A thoughtful approach to the pricing of external legal services, dubbed “component pricing,” appears in the ACC Docket, Vol. 27, Oct. 2009 at 23. Johnson & Johnson developed the method. Its basic tenet is that unit pricing – a price for a demarcated task – leads to cost efficiencies.
At the forefront, the discovery process lends itself to component pricing. The article mentions costs per custodian (unless there are significant centralized data stores) as well as costs per gigabyte for database hosting, and costs per page for document review.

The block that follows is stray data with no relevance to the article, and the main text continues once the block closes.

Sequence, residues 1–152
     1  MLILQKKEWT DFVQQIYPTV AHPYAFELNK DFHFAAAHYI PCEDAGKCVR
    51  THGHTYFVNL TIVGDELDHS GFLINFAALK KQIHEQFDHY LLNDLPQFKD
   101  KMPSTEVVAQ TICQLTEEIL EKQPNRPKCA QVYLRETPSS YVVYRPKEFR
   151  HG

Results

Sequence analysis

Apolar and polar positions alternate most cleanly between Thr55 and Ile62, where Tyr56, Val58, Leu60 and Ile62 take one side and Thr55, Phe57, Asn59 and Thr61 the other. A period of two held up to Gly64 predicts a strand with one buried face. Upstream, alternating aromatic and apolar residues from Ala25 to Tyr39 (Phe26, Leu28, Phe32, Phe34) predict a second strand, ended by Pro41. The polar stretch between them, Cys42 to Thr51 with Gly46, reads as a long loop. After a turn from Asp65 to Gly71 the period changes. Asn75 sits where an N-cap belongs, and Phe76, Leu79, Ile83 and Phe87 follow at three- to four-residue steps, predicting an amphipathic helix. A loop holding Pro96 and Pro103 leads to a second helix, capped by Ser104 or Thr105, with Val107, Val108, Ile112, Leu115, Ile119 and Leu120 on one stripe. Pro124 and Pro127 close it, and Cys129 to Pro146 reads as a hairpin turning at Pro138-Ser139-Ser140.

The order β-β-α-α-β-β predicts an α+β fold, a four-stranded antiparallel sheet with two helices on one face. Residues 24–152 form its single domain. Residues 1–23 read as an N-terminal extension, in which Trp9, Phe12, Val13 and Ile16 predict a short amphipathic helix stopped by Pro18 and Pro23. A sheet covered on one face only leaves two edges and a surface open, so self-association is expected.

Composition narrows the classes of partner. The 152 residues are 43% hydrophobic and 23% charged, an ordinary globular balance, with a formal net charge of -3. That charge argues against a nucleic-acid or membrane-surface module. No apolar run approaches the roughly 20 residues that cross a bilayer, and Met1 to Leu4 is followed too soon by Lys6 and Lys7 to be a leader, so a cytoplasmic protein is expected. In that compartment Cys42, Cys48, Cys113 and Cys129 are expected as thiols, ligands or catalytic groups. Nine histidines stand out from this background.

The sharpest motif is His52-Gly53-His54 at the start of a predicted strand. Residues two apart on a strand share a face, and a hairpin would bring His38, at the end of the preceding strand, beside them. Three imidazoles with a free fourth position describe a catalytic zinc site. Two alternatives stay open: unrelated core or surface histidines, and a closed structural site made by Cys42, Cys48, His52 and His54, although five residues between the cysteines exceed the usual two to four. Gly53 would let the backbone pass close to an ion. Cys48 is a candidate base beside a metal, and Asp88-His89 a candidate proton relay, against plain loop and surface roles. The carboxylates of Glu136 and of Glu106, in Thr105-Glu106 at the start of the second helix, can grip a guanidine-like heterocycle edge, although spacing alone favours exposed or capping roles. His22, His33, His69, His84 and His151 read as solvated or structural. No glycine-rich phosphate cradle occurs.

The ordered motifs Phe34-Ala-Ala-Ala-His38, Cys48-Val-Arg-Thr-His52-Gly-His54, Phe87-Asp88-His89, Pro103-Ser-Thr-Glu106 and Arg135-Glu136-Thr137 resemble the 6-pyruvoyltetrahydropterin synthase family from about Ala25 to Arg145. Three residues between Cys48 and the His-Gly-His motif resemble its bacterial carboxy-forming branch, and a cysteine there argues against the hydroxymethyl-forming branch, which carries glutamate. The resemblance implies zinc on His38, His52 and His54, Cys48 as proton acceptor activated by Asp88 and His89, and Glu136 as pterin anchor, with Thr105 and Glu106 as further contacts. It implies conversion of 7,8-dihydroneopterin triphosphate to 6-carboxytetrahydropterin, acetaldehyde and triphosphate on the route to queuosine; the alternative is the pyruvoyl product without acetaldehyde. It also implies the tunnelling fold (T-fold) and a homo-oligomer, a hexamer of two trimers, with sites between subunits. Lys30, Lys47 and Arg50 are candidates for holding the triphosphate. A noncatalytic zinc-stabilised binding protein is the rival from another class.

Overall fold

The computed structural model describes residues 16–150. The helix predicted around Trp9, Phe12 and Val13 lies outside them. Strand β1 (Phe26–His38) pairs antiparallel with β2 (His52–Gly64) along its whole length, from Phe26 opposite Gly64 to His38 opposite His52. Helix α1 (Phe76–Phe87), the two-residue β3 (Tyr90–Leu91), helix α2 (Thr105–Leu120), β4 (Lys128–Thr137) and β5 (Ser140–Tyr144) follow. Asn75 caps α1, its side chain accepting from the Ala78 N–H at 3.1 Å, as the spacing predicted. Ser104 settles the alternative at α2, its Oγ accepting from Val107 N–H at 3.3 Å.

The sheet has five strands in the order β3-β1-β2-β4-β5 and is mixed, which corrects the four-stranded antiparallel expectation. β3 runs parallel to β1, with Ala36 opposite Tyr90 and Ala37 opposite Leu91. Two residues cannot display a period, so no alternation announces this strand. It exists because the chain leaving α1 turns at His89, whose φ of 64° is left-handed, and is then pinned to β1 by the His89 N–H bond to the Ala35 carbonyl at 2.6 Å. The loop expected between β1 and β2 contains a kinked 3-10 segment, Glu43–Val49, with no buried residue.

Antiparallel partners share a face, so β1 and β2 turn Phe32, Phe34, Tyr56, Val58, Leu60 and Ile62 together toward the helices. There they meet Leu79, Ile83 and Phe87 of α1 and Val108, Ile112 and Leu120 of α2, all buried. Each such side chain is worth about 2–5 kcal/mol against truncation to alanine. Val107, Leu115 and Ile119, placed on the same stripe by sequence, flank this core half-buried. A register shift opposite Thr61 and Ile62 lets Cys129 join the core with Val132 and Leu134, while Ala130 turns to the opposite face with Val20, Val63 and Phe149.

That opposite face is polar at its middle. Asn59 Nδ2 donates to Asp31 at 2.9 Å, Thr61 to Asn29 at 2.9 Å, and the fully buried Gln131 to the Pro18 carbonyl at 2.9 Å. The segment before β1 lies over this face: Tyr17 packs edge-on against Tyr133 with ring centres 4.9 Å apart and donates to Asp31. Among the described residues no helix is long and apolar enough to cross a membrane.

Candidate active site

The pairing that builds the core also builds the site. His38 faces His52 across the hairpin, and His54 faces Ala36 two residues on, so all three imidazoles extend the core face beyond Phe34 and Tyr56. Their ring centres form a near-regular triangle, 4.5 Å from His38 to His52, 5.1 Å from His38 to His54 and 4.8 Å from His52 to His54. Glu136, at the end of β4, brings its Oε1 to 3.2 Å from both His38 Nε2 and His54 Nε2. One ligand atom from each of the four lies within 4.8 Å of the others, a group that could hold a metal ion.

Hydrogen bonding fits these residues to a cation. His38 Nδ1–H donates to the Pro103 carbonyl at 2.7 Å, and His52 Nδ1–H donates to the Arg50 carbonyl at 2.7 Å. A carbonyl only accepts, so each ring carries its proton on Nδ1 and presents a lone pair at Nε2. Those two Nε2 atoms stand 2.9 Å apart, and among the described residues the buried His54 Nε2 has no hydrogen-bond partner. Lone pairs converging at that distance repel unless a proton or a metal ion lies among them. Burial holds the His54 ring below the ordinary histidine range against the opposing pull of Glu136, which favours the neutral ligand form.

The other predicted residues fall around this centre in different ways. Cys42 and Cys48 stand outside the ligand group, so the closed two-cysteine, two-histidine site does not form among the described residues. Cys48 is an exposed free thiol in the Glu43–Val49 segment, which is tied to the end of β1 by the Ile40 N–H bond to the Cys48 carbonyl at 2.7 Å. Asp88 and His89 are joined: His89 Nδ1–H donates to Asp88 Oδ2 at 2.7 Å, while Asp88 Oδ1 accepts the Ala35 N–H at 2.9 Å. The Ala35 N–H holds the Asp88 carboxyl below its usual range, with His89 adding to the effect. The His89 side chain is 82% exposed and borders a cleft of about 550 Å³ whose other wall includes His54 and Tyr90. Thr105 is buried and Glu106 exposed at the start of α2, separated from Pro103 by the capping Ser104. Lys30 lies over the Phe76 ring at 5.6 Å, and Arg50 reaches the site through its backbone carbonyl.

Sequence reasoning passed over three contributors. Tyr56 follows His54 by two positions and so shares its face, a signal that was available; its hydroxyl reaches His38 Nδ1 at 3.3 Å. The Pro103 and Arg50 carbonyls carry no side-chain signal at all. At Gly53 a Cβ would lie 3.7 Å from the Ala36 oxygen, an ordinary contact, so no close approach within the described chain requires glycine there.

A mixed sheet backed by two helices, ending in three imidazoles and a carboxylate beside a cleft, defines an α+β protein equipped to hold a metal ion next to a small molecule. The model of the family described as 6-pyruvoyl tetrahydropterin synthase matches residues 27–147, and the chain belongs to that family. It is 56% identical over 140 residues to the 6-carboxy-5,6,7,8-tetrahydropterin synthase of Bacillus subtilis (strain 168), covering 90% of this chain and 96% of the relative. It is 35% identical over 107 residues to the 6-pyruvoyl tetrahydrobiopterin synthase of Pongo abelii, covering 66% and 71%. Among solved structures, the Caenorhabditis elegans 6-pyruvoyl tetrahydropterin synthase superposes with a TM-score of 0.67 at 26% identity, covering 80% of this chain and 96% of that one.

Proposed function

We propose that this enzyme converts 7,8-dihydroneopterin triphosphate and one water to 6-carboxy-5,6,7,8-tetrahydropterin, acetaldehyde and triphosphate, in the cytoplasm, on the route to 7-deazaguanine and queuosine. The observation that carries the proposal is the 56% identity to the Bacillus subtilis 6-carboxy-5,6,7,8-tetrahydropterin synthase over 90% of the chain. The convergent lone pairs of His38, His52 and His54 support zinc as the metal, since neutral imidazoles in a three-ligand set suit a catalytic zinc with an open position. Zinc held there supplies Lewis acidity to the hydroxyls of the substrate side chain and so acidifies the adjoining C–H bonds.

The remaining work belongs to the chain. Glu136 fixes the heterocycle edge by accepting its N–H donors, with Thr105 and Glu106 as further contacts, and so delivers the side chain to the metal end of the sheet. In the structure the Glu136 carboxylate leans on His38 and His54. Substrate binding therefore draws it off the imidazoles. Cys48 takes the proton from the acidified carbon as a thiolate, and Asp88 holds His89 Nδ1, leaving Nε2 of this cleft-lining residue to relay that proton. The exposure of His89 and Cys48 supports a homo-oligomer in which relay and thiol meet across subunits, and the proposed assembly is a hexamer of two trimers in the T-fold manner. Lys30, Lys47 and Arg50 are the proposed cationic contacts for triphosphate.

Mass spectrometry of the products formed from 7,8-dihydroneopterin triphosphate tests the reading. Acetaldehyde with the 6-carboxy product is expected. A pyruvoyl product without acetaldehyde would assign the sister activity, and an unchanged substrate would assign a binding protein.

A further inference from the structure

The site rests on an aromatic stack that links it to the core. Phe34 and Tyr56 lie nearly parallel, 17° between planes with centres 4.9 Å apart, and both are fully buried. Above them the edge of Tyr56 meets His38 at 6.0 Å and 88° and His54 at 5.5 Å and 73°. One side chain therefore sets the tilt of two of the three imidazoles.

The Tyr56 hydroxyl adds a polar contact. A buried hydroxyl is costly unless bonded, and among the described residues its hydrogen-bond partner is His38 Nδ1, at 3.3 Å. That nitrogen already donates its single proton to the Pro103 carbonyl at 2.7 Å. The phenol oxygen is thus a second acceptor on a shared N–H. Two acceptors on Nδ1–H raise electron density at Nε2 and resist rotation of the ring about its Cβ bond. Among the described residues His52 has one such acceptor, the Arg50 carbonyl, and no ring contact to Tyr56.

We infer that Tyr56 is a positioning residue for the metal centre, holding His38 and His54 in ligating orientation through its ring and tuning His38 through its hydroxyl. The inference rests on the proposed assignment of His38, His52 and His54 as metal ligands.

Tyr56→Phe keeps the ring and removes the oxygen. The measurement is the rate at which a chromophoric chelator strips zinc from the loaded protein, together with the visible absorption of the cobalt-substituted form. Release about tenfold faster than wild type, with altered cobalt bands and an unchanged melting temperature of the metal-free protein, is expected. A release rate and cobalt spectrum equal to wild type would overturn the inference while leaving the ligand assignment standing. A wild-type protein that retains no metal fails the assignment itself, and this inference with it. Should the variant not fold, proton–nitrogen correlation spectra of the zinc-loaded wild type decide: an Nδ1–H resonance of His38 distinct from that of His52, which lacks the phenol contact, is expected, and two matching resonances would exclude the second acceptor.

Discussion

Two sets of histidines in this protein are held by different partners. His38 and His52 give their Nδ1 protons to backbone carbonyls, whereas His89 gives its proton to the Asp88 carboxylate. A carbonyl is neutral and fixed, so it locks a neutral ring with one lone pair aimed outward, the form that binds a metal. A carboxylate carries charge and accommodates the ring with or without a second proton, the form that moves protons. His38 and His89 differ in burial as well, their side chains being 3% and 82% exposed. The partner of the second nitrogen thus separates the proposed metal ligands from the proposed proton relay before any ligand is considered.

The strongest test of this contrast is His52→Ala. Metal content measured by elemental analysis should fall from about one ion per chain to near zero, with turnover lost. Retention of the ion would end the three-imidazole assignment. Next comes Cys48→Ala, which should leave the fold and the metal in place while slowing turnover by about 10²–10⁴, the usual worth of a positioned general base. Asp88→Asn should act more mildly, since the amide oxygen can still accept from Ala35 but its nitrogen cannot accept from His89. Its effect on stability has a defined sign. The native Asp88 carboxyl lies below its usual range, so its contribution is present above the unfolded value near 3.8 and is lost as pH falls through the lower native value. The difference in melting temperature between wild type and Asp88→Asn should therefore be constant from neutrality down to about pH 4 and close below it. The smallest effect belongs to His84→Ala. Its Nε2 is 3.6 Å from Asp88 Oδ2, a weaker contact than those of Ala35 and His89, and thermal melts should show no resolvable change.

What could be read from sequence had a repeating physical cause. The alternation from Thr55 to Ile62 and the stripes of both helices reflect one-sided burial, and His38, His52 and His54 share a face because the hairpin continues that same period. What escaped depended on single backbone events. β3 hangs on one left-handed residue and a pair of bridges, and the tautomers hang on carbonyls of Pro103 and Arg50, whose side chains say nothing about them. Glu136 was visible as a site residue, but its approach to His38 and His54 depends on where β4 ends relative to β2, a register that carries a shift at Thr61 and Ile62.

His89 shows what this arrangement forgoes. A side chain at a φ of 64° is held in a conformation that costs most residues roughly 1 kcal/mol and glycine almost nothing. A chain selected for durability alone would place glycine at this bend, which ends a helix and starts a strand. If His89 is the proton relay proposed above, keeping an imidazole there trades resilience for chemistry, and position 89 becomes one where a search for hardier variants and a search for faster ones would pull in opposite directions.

The authors note that “depositions of fact and expert witnesses are also logical components that include preparing for the depositions as well is actually taking or defending them.” They feel that motions are probably the least likely candidates in litigation for component pricing. They also recognize a component for “management” which is expressed as a percent of spending on the total components.
Component pricing could match cost and value equally as well in parts of transactional services and counseling.